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Explaining Dementia to Children

Updated: Apr 1, 2020

Dementia can be a difficult subject to talk about. Especially when you are trying to explain the condition to a child. You might wonder when you should talk to them and what you should say or you could be asking yourself what you shouldn’t say. In fact, you might even believe that, especially for young children, it’s best to put off that discussion for as long as possible.

If these are the sorts of questions rolling around in your head, here are some answers that might surprise you and reassure you.


Believe it or not, experts say that the best time to talk to children about dementia is … as soon as possible. You see, even very young children notice when something is different. While it’s natural to think you might be better off avoiding the subject, this approach can have unintended consequences.

When we protect our child’s feelings by acting like everything’s fine or flat-out fibbing to them, this can return to haunt us. While it might not matter much at the moment, eventually kids figure things out or, at the very least, question them.

Maybe they’ll notice some medical paperwork about a grandparent’s diagnosis. Perhaps they will see a stack of Get Well cards addressed to Grandma or Grandpa. Then out of the blue, your child chimes in with, “Mommy, why did Grandma Betty get this card? I thought you said she wasn’t sick!”

Suddenly, you’ll have to come clean and explain dementia to the young person in your house. If you haven’t been candid before, your child might question if you are telling the truth now.


Don’t beat around the bush. Sit down with your child and give it to them straight: “Grandma has something called Alzheimer’s disease.” After all, the young people in your life are

going to hear it sooner or later. When you explain things to them clearly yet gently, it cushions the fear factor.

Of course, it’s important to lay things out in an age-appropriate way that your child will understand. Later in this article, we’ll cover some guidelines for having a conversation about dementia with children of different ages.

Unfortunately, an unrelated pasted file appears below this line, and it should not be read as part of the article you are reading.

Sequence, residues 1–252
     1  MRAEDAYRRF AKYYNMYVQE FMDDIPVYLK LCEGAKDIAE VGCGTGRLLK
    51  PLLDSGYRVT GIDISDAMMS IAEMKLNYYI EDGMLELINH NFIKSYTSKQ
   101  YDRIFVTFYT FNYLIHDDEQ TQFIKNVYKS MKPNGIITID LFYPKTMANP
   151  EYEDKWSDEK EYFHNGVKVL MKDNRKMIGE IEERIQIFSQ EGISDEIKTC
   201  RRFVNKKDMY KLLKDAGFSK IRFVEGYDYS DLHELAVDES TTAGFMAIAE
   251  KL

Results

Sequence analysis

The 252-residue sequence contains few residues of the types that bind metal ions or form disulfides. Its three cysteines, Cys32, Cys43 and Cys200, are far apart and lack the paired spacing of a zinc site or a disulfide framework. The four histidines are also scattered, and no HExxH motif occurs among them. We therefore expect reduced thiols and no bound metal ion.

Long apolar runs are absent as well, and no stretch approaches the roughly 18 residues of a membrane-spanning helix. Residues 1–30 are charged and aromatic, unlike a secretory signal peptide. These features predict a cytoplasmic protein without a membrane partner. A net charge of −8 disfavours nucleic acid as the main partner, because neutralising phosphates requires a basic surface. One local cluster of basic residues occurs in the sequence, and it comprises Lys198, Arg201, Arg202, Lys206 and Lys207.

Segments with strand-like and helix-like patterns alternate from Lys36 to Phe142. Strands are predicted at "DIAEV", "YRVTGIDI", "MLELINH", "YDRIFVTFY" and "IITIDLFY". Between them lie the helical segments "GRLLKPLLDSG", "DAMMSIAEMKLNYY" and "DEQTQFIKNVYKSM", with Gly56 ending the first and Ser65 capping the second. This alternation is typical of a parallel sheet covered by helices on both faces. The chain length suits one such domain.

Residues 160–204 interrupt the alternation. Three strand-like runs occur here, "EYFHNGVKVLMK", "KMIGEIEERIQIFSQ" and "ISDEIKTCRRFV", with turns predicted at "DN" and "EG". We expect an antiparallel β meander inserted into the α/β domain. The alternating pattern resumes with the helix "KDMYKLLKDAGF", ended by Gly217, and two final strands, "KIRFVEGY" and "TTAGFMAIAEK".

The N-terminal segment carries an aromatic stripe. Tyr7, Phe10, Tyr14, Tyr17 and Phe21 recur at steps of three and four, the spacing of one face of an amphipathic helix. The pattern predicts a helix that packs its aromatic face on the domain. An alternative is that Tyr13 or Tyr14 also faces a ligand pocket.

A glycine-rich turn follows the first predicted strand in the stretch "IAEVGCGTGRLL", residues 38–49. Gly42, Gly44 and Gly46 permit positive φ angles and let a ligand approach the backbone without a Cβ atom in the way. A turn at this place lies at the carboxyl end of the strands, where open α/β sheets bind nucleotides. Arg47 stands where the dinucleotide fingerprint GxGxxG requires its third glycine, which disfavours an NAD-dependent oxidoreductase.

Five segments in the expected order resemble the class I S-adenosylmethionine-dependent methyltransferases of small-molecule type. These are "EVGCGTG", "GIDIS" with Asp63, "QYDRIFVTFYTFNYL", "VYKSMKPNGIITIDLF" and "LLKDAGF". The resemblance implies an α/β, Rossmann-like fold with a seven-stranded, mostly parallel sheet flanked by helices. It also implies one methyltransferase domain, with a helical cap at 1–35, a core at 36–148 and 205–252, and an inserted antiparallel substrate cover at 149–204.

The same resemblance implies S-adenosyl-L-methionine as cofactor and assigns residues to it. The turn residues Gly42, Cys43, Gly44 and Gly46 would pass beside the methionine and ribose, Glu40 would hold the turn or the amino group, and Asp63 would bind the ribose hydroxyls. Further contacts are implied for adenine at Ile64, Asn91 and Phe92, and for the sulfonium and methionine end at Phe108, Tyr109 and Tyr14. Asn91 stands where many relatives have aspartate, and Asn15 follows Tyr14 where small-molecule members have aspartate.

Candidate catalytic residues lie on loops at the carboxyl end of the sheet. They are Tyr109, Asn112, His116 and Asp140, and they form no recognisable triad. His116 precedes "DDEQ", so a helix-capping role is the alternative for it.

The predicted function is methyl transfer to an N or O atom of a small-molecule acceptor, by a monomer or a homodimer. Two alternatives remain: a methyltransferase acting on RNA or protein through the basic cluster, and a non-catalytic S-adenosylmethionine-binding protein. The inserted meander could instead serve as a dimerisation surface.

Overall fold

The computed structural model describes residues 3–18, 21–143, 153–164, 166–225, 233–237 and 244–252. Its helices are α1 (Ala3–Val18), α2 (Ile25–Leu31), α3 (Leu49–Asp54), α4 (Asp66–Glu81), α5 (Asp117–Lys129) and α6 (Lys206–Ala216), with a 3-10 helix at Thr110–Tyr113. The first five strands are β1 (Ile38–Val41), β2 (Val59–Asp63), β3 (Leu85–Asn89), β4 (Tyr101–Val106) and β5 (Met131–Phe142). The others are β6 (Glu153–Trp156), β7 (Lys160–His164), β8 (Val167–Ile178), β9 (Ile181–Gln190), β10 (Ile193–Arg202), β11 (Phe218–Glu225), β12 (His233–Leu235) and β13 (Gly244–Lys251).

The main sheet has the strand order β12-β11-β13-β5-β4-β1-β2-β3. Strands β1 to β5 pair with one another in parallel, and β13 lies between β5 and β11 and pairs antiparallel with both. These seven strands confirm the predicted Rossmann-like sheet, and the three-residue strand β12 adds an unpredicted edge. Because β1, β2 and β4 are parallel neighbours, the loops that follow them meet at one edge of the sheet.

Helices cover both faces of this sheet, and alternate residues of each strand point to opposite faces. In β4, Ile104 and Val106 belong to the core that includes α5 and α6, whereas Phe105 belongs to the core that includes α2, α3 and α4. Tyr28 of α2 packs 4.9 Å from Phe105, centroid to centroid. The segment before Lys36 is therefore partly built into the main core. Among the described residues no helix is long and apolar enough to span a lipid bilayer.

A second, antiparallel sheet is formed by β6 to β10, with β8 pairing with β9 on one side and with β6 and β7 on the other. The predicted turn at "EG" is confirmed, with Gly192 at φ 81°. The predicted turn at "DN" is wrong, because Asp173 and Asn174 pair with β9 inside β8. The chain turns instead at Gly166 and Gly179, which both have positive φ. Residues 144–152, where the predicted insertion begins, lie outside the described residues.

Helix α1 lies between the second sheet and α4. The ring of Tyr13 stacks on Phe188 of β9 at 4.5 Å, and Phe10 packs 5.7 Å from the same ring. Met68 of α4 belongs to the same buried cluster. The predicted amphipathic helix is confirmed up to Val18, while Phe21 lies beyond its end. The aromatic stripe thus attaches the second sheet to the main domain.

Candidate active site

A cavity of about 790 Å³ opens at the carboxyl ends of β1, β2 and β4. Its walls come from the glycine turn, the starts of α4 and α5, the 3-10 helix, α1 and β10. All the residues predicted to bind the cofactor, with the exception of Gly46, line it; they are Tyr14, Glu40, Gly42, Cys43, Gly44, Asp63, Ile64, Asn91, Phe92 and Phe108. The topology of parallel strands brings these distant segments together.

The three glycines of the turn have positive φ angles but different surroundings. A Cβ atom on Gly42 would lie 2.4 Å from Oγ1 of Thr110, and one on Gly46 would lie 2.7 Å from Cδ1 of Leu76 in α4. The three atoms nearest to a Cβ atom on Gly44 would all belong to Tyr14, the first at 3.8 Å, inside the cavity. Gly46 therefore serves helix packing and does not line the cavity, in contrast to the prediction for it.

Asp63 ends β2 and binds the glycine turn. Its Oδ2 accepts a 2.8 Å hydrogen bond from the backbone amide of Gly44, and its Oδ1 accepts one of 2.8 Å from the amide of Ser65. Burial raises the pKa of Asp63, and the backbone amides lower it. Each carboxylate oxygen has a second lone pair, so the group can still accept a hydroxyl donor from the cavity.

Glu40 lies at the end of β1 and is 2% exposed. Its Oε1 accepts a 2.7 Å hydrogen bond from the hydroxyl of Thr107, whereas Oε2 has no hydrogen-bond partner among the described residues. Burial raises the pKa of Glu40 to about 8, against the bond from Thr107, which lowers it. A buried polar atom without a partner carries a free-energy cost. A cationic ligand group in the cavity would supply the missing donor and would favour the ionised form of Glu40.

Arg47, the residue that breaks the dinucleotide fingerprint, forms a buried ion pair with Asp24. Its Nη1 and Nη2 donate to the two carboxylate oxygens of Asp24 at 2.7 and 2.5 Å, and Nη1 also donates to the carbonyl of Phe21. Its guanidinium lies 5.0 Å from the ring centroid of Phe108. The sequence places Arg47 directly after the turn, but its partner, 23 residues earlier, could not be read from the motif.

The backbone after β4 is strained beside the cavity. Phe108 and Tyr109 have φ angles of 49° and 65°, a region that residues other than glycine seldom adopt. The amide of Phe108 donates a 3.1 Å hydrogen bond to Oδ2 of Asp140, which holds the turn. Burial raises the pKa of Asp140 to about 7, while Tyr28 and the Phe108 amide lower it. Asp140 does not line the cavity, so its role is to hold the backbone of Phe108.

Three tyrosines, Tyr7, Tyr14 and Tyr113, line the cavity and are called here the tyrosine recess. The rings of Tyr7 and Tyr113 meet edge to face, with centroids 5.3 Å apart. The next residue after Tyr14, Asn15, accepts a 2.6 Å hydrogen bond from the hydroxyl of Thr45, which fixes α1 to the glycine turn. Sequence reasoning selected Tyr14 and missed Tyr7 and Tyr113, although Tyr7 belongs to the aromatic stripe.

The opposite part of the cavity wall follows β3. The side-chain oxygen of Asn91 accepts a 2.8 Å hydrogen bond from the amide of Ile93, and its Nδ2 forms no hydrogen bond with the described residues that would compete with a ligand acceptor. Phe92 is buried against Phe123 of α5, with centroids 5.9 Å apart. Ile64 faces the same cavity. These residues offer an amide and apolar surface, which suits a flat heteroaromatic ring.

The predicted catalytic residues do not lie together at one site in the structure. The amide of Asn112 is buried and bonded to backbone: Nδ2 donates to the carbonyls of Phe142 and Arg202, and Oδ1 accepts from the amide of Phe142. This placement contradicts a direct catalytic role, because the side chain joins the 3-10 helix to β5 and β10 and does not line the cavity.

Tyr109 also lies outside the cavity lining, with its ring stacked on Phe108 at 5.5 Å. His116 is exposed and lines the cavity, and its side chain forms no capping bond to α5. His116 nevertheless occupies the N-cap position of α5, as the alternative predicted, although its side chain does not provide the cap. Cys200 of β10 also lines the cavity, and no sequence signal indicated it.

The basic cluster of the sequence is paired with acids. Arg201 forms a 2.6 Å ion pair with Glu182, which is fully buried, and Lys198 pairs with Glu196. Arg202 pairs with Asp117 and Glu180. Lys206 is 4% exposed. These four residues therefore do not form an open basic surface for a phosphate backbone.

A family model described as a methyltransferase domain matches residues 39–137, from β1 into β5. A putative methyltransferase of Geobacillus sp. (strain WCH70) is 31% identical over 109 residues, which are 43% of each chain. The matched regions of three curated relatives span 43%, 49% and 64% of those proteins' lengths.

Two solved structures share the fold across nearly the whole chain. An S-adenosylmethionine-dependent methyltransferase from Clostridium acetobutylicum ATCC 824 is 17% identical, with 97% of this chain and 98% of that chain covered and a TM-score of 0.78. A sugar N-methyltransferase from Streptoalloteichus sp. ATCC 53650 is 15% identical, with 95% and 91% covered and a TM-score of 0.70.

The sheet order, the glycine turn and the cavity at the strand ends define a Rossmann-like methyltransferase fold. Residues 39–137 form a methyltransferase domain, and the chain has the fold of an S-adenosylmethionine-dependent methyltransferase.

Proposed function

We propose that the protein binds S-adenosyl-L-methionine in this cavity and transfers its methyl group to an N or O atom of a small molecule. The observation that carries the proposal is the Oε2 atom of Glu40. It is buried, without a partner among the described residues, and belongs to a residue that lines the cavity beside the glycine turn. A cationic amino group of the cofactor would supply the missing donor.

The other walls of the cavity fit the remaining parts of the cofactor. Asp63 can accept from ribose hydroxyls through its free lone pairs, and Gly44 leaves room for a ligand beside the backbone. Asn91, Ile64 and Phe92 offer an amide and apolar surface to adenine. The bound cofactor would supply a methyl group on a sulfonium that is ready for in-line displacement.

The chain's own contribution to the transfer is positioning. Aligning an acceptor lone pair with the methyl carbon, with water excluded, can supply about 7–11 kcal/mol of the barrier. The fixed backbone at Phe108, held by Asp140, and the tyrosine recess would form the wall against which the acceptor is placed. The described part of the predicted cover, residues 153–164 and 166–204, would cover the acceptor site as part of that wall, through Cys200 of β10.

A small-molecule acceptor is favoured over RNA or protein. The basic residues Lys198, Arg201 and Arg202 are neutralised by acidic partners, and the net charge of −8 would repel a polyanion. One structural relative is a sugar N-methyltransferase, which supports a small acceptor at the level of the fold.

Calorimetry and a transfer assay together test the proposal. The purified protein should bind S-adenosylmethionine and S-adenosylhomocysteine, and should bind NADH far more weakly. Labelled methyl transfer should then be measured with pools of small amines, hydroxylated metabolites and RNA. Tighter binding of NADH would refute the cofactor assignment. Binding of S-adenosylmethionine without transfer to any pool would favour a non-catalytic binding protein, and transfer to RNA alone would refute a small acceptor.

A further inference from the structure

If a children’s hospital is nearby, they might have a Child Life Specialist. The job of a Child Life Specialist is to know how to explain health problems to youngsters. A social worker or nurse educator might be able to help, too.

There are also some good books about dementia education for children. Check out the Magination Press. They have a helpful children’s book about Alzheimer’s, such as My Singing Nana.


Children, especially very young children, may not know the difference between an illness you usually recover from and one that is permanent. Tell kids that grandma’s disease is not like catching a cold or running a fever. Then clarify what it means.

On the one hand, the disease isn’t going to get better. The good part is that you can’t come down with the illness when you are around your loved one. If your child is fond of hugging their grandparent or sitting on their lap, make sure they know they can still do that. You might want to say that being close to Grandma or Grandpa is more important than ever.

You’ll also want to be on the lookout for what some experts call magical thinking. This is the tendency for children to think that the things they say and do can change other people. For example, “I got upset and yelled at Grandma and now she has Alzheimer’s. Is it my fault?”


As children grow up and develop, the way they see the world grows and develops, too. Understanding how children typically view disease according to their age group can lead to more meaningful discussions with them.

Has your child been through an experience involving a sick family member? Have they seen programs on television or viewed films that might impact the way they perceive illness?

Will their cultural background affect how they think about dementia? Pay attention to all of these factors when deciding how to go about including children in the discussion.